Things are pretty quiet at the Valley Wood Home for the Aged, what we call our homestead here in Northwest Reno. My introvert husband has been practicing social distancing for years. Plus, we have enough groceries, paper, and cleaning supplies for another week or so. Might need milk and bread sometime soon, but now that trucks are once again moving across the Sierra, supply chains will soon get back to normal. Normal unless the idiot hoarders decide they need a six-months supply of TP instead of three.
And what’s the deal with bottled water? Last time I checked, it still comes out of the tap and we still have glasses right there. Sometimes I just don’t understand my fellow humans. I am alternately disgusted and inspired by them.
While the virus seems out of control, I know we each have a choice about how we respond. We can focus on what we have and what we can control. We can remain flexible and learn to live differently.
To that end, this a new installment in my Healthy Habits for Happy Humans series on how we can exercise those principles of positive action and hope. Do you have other tips? I welcome your input.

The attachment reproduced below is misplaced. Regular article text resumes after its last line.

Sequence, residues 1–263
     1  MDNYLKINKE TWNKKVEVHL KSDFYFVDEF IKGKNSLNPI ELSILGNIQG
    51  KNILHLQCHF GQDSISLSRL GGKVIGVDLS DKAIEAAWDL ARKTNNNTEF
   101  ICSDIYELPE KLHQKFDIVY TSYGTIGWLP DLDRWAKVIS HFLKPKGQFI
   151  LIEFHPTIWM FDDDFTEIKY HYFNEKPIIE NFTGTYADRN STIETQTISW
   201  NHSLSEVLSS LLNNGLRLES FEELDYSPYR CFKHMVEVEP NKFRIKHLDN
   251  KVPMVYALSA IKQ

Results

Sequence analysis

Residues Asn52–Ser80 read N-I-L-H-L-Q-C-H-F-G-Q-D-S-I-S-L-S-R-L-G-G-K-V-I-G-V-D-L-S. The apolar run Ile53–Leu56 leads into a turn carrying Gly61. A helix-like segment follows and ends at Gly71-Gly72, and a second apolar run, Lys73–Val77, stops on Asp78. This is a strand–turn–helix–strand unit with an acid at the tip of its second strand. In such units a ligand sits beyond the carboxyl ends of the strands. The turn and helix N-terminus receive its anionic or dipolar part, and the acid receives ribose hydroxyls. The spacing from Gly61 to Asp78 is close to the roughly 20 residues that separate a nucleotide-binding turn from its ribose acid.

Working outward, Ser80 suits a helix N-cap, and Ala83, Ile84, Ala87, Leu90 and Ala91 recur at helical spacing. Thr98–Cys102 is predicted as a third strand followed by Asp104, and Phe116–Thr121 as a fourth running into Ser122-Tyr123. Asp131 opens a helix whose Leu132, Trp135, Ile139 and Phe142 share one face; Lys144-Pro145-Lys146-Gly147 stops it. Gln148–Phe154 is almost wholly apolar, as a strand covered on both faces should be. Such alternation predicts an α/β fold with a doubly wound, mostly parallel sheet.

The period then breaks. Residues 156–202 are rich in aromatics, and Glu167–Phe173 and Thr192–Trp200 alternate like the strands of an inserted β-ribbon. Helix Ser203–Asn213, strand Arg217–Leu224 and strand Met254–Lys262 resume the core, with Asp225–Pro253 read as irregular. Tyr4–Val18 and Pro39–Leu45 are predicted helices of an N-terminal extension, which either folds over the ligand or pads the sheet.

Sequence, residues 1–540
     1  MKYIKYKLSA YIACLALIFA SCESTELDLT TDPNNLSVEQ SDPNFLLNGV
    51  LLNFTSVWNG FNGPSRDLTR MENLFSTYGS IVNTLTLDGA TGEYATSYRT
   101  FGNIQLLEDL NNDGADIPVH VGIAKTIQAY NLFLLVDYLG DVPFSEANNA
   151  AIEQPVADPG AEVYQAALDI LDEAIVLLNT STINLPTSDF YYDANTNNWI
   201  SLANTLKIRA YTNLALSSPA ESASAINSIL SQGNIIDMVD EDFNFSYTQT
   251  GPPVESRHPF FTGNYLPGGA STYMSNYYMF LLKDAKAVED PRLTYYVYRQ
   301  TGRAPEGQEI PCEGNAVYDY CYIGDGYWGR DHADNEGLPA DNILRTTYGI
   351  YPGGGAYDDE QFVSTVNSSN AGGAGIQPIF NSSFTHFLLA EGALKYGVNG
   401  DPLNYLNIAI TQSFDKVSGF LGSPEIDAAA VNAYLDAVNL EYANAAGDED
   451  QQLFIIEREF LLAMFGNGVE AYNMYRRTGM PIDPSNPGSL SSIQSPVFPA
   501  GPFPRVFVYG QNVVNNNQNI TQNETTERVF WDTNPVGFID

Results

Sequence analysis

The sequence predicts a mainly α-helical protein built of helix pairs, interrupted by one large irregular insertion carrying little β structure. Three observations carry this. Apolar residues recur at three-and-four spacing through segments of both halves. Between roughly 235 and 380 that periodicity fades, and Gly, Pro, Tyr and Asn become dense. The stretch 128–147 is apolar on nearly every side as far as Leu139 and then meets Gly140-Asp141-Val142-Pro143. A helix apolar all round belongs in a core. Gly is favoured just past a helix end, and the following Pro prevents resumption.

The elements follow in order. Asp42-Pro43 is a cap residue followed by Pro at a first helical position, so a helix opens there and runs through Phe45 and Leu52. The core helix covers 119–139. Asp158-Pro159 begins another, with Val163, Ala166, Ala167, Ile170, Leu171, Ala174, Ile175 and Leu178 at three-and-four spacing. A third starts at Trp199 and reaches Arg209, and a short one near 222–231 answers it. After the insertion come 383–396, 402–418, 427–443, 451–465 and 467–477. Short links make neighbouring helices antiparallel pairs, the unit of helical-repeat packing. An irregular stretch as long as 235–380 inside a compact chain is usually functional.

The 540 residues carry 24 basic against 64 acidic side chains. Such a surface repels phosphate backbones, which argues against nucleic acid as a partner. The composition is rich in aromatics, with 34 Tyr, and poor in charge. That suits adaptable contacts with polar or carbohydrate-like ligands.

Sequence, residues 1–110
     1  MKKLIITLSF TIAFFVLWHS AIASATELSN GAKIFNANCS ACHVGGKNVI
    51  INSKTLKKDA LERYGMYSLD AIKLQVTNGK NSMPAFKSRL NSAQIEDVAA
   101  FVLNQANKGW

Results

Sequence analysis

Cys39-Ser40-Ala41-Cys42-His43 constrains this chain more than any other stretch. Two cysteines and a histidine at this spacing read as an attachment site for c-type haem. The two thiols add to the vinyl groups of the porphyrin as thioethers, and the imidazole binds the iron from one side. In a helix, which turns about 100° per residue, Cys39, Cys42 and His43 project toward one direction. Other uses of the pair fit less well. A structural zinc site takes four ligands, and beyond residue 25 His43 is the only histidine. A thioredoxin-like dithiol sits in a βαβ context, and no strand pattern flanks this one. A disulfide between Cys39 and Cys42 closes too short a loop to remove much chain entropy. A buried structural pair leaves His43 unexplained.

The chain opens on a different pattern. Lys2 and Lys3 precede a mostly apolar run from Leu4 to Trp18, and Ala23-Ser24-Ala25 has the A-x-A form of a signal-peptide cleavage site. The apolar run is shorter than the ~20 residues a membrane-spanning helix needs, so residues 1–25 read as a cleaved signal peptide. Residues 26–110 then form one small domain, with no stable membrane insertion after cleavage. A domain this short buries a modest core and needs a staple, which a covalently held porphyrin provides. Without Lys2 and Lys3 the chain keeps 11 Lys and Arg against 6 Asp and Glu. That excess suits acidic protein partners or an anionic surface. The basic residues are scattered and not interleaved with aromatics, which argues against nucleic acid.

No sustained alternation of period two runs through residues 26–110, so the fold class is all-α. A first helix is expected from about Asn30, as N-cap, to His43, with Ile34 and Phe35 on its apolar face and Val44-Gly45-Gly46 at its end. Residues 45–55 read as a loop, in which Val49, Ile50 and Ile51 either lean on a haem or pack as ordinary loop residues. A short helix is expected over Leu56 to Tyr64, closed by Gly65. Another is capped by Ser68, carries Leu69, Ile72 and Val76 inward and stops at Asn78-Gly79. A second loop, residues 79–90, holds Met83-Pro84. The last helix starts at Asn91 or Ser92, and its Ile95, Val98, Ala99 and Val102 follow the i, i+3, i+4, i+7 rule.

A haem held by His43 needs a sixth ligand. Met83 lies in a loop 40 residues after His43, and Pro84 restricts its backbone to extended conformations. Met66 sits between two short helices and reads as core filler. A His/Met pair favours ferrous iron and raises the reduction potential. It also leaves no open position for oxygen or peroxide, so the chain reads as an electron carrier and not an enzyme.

Keep it clean
For the near future, we will assume everything we touch is infected. We’ve adopted the following household routines for the two of us healthy old people.
- Wash hands after every trip out into the world in addition to all the normal times—after using the bathroom, before eating. We wash again after putting away groceries. We even wash after a trip to get the mail from the mailbox. My husband has begun ditching junk mail in the trash before it enters the house. He also suggests we use gloves to open personal mail.
- Every two days, wipe doorknobs, bathroom surfaces with Lysol or Clorox wipes. Luckily, we already had some stashed under bathroom counters.
- Sanitize kitchen countertops daily, but also after unloading groceries or opening those Amazon packages.
- Change hand towels and kitchen linens every other day. It’ll mean doing one extra load of whites every week. Not a big deal.
This pandemic will likely define us for a generation, like the Great Depression or World War II did for our parents and grandparents. I remember my optimistic mother’s response to the the Depression. When some of her friends would moan, “We had to put cardboard in our shoes!” my mom would shrug and say, “So did everyone else.”
Attitude is everything. We’re all in this together.